Parliament adjourned sine die with Opposition crying foul

New Delhi, March 22 | Updated: Mar 23 2006, 05:30am hrs
In an unusual development, both the Houses of Parliament were abruptly adjourned sine die on Wednesday, with the Opposition alleging that the move was made to pave way for Parliament to be prorogued, so that the UPA government could bring in an Ordinance on the office of profit issue mainly to save Congress chief Sonia Gandhi.

The adjournment brought immediate resentment in the Opposition camp with the Opposition leader in the Lok Sabha LK Advani describing the development as the singularly unfortunate event in the history of Indian Parliament.

Calling it as a brazen assault on the established principles and practices of the parliamentary system, an NDA delegation led by former prime minister AB Vajpayee submitted a memorandum to President APJ Abdul Kalam, urging him to give the nation a firm assurance on the purported move by the UPA government.

Union parliamentary affairs minister Priyaranjan Das Munsi, however, dismissed the charges saying that Ms Gandhi did not hold any office of profit by being the chairperson of the National Advisory Council, as it was purely advisory in nature. Even her heading the Rajiv Gandhi Foundation did not fall under this category, he added.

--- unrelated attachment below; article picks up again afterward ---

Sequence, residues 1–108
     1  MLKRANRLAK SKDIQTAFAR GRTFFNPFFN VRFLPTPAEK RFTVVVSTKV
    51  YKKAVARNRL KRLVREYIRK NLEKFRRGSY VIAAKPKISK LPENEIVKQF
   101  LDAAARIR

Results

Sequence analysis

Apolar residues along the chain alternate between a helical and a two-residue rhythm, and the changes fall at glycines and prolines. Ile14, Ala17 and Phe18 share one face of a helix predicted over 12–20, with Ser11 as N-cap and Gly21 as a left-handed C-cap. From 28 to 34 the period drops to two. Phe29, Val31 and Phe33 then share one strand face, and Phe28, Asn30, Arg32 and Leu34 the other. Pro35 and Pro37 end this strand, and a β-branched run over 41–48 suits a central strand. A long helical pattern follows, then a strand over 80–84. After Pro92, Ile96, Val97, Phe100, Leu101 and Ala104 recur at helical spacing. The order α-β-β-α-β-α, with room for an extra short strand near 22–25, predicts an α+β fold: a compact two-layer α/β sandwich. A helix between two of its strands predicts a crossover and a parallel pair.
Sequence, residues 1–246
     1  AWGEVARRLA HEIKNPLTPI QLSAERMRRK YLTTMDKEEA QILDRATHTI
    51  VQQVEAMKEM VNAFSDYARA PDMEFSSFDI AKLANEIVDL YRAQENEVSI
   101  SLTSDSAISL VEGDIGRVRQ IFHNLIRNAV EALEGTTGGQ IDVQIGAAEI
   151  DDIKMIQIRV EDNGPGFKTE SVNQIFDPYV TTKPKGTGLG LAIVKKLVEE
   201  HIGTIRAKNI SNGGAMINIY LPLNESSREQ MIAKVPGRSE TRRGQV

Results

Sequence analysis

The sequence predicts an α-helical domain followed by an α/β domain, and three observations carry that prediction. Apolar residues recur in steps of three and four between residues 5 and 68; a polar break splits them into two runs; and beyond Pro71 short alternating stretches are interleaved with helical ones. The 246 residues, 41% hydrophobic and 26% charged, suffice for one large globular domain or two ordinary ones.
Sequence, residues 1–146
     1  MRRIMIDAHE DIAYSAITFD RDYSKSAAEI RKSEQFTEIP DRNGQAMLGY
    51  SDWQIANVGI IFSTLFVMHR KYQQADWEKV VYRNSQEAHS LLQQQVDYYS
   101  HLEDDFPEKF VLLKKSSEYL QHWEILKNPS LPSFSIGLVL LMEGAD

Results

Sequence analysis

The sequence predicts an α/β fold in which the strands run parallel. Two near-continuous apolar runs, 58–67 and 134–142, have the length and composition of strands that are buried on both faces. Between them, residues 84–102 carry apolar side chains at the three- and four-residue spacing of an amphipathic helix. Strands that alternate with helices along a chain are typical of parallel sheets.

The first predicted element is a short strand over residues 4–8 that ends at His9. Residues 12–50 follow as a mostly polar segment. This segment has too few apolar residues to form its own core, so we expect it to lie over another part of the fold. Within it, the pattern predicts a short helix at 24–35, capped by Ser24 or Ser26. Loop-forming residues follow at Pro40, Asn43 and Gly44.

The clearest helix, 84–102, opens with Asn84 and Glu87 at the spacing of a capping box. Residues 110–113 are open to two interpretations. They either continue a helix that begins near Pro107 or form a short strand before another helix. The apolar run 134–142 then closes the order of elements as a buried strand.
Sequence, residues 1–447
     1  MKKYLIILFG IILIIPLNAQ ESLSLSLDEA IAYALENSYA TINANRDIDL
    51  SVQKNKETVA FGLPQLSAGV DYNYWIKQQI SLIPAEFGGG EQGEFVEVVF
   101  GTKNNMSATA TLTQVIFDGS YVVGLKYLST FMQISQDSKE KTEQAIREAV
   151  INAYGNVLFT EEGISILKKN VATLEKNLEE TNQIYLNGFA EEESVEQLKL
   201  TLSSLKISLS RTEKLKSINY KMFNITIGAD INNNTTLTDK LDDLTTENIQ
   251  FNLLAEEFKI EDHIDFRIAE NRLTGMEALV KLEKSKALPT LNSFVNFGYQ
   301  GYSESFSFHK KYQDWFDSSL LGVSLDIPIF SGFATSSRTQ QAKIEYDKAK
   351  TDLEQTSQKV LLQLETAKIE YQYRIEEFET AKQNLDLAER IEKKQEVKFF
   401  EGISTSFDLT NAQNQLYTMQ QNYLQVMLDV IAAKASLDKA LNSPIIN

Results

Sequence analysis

The Union government suggested adjourning the Houses sine die as all the financial business was completed and the future government business was not yet finalised, he told reporters here. He also cited instances in 1994 and 2003 when the Houses were adjourned sine die, besides hinting that Ordinances might be promulgated on the offices of profit issue and the criminal judicial system.

Political circles said with Samajwadi Partys (SP) Jaya Bachchan losing her Rajya Sabha membership over holding an office of profit, the Congress did not want to take any chances and wanted to promulgate an Ordinance that would give a list of posts that would not fall under the category of offices of profit in the Parliament (Prevention of Disqualification) Act, 1959.

According to Art 123 of the Constitution, an Ordinance can be promulgated only during the recess of Parliament. As there are two parts of the Budget session, technically if the House is not prorogued after the first session, then Parliament is considered to be in session, opine constitutional experts.

Earlier, the Opposition parties and the SP created an uproar in both the Houses over the issue, leading to many adjournments. Speaker Somnath Chatterjee chose to stay away from the proceedings in view of complaints that he was among those holding the office of profit.